Reflecting their commitment to Blitzkrieg, Milch and the German High Command felt that the best way to protect the country was through offensive air operations and not in defensive measures. U.S. Army post-war intelligence stated that Field Marshall Milch retarded development of aircraft warning and fighter control systems, because it did not contribute to the offense. Milch always planned for offensive actions and prevented any thinking, planning or action which would allow for extensive and adequate air defence.

The German High Command was focused on the strategic concept of smashing adversaries in short campaigns and the Luftwaffe developed a concept of purely offensive operations to fulfil their air defensive mission. A defensive war of attrition was to be avoided. The goal of the Luftwaffe was to drive enemy bombers away from their bases through offensive bombing campaigns making it less necessary to provide major air defence units for the Reich. What made the offensive argument more desirable was the economic realities of the time. Germany did not have the resources to pursue both an offensive and defensive strategy without taking forces away from the offensive arm. Luftwaffe planners fought any project that would threaten the build-up of offensive air power. This strategy fit well with Germany’s military tradition of the offensive being the best defence.

Lessons From Spain

During the rebuilding years of the Luftwaffe, the Spanish Civil War occurred and provided the testing ground for new aircraft and tactics. The Germans took many valuable lessons away from their involvement. Probably the most important lesson learned was the need for well developed coordination between ground and tactical air forces. Lt Col Wolfram von Richthofen, a cousin of Baron Manfred von Richthofen, recognized the need for close cooperation between ground and air forces. He was responsible for getting radios installed into tactical bombers and Luftwaffe liaison officers into ground units so that air units could be directly controlled by ground units. This concept of close air support provided another key element to the German’s offensive strategy of Blitzkrieg. Von Richthofen came under fire for his support of tactical air roles, which countered the views of the strategic bombing enthusiasts.

The Spanish Civil War also showed other problems with strategic bombing. The first problem was the difficulty of finding and hitting targets during both night and day. The fact that bombers were missing visible targets convinced Ernst Udet, Chief of all the Luftwaffe’s technical departments, that all bombers must be dive bombers to ensure satisfactory bombing accuracy. This flawed assumption would haunt future German bomber designs. At night and in bad weather, the Germans had trouble just finding the target and pursued radio directional systems. This resulted in the Knickebein system which was successfully used in the Battle of Britain.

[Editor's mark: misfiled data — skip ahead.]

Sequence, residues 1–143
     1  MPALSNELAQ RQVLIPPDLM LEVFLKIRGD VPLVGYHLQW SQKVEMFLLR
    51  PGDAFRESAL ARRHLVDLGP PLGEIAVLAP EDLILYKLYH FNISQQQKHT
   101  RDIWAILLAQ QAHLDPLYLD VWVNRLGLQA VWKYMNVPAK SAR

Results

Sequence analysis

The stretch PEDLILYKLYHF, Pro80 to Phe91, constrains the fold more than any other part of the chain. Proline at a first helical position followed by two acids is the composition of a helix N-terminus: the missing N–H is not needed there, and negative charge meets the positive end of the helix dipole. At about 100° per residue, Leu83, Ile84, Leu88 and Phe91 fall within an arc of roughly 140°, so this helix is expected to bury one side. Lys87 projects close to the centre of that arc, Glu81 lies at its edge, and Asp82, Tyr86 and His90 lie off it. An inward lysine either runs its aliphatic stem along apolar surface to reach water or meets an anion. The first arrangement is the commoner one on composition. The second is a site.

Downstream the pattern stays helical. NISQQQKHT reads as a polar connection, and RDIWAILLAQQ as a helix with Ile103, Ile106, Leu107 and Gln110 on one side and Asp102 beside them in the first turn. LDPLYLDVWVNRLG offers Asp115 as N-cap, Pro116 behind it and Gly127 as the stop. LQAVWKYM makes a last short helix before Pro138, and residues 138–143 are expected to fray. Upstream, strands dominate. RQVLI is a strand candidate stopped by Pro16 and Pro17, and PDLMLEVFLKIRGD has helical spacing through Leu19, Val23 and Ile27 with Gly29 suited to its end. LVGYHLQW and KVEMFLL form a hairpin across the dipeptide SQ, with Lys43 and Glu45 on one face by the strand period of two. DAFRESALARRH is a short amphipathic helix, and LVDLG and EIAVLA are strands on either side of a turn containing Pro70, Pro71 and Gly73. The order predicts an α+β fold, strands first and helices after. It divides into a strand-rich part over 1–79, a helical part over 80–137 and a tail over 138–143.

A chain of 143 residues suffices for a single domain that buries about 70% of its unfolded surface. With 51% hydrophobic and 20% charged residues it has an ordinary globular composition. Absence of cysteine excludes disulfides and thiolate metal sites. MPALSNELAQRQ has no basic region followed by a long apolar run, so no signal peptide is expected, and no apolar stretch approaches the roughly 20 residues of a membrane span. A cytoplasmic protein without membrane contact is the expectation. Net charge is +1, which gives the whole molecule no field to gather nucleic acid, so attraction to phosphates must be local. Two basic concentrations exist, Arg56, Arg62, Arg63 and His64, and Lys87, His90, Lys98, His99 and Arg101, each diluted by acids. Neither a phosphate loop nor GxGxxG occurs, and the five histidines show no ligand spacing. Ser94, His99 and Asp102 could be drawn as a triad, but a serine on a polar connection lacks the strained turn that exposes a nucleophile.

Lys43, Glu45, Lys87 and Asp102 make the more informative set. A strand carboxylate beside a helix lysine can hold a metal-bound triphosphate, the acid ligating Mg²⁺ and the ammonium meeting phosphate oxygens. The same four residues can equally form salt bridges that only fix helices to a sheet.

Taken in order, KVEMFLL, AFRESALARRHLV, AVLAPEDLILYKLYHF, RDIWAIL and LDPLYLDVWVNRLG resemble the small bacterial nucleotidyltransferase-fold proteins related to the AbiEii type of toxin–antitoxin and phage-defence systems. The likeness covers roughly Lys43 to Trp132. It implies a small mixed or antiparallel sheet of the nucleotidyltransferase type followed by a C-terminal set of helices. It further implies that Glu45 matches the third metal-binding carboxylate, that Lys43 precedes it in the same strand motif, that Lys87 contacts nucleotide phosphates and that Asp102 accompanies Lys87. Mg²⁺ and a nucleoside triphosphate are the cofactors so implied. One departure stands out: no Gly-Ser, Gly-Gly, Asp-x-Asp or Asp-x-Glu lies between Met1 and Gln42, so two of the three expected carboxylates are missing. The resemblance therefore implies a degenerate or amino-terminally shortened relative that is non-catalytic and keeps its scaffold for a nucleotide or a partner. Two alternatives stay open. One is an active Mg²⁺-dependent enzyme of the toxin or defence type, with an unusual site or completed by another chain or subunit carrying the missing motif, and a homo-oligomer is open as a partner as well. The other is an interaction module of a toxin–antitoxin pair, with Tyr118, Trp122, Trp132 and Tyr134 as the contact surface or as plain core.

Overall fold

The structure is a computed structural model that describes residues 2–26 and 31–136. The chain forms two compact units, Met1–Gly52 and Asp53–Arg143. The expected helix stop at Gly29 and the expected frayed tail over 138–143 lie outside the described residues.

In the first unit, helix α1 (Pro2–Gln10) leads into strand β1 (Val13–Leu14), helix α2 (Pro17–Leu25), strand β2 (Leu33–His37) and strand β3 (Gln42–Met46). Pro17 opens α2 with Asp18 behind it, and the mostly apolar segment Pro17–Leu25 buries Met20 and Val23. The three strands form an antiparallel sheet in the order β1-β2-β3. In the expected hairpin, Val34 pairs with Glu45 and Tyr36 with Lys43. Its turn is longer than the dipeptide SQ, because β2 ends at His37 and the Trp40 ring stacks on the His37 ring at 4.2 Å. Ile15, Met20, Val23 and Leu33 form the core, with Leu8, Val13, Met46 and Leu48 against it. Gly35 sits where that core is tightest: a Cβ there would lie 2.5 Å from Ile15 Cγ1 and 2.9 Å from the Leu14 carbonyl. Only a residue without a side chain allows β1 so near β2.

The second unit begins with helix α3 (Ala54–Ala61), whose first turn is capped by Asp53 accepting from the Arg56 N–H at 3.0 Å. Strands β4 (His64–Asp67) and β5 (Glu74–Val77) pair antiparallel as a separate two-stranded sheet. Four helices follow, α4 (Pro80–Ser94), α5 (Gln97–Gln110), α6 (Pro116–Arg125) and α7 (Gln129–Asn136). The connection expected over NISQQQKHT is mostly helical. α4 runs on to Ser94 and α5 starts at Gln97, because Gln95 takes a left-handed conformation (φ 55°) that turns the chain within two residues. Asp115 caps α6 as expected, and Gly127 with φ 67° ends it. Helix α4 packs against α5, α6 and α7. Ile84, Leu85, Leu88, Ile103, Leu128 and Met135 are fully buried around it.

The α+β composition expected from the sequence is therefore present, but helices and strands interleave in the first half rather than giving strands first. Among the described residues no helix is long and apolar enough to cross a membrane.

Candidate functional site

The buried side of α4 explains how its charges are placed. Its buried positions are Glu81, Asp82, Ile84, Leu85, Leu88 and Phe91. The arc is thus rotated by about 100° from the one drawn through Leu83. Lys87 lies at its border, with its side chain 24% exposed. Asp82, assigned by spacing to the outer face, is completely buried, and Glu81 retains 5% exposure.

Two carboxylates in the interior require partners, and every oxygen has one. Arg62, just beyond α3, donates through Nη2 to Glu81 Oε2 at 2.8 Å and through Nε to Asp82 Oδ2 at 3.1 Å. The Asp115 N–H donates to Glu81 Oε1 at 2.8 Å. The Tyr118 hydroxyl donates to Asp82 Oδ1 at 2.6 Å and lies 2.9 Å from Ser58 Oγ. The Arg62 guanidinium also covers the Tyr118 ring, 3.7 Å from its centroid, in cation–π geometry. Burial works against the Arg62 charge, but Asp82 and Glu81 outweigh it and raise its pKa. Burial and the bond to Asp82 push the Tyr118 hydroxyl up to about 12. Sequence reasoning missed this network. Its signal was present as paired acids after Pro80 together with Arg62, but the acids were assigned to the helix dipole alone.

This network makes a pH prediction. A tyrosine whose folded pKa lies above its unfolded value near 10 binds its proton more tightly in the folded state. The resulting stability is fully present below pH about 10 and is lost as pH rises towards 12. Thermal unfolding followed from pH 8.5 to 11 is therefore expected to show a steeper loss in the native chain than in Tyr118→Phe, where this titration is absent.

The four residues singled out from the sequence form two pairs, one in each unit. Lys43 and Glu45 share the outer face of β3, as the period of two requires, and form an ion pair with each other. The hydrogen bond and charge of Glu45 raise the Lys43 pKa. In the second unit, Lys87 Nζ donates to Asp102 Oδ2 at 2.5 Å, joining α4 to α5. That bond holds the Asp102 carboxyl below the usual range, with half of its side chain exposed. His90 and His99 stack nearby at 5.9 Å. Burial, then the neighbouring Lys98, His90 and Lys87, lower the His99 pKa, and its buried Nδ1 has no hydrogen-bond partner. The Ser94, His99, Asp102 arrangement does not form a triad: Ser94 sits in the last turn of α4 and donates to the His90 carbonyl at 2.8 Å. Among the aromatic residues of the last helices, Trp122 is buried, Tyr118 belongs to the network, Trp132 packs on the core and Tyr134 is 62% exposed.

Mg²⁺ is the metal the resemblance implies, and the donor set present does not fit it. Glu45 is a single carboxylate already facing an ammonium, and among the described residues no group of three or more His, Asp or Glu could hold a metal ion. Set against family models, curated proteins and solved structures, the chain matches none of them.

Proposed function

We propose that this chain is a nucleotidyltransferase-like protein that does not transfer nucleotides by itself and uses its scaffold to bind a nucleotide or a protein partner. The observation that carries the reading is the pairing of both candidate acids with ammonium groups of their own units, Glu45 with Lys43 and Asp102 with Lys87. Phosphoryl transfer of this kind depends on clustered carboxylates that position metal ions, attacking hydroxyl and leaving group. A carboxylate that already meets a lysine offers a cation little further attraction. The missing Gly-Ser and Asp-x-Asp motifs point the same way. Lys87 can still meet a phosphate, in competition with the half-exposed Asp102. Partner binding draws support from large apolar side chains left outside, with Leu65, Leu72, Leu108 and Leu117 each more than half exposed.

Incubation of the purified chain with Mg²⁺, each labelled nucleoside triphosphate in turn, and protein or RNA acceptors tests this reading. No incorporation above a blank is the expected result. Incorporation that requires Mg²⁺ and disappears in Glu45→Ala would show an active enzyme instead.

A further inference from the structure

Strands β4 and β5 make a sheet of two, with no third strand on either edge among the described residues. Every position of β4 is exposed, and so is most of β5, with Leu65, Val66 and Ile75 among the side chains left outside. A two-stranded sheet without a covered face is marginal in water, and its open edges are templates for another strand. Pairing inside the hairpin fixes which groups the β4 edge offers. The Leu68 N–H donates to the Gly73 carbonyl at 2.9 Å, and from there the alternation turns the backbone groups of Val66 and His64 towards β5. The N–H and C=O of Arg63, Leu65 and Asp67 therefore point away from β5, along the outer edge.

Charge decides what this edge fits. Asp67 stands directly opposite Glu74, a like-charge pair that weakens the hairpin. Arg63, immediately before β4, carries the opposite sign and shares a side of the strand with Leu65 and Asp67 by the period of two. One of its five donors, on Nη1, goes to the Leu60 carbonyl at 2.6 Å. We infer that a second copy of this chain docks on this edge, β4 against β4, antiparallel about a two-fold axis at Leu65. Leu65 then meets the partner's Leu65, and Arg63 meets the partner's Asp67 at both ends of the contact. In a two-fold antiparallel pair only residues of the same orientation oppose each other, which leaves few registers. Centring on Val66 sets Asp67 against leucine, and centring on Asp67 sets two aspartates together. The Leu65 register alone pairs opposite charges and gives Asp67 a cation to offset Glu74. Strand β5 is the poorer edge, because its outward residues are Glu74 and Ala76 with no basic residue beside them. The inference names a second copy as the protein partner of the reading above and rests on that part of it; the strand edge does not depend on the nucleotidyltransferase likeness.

Other flaws in the strategic bombing theory became apparent during the Spanish Civil War. The Germans saw that fighters and civil defence measures were important, and could minimize the effects of strategic bombing. This heightened Germany’s interest in civil defence and prompted an increase in fighter production relative to bombers. Also one German observer noted that the bombing had a galvanizing effect on the population against Germany contrary to popular wisdom.

From their involvement in Spain, the Germans perfected the technique of close air support and validated the need for tactical air forces. The concept of strategic bombing became more unsettled, but highlighted the need for fighter aircraft and civil defence measures to counter the threat and the need for accurate bombing aids.

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78 Comments | Add New

By DNTME  |  2014-09-06 at 19:59  |  permalink

Why did the Germans not bomb the British radar sites out of existance as their first priority?

By Timothy  |  2016-02-23 at 04:11  |  permalink

I’ve thought that myself, and I think Goering’s poor leadership & refusal to stick to a course of action played a big part in failure to put, and keep, those radar stations out of action.

By DARLENE GATTON  |  2014-10-11 at 22:40  |  permalink

My Father William C Hamilton was used by the secrete service in World War 11, because of his color blindness on bombing missions.
Cant get any of his military records??
his daughter

By ari  |  2016-01-17 at 14:29  |  permalink

Everbody knows that Britain didn’t invent the radar,. But they developed the technology which was invented in Germany and the US long before Britain to a usable miltary weapon of any significance

By Alex  |  2016-02-11 at 17:22  |  permalink

British first’s:
Watson Watt combined oscilloscope with directional antennae in 1923.
Radio location was invented by Edward Victor Appleton in 1924.
Appleton probes ionosphere with pulsed transmission 1926.
Chain Home was the world’s first operational radar, 1936.
Bowen demonstrates, world’s first airborne radar, 1937.
Randall/Boot invent/pioneer bootstrapped cavity magnetron 1940.
H2S, world’s first airborne, ground mapping radar introduced, 1943.

By ari  |  2016-02-12 at 13:18  |  permalink

(Watson Watt combined oscilloscope with directional antennae in 1923)

It doesn’t mean that he invented the RADAR .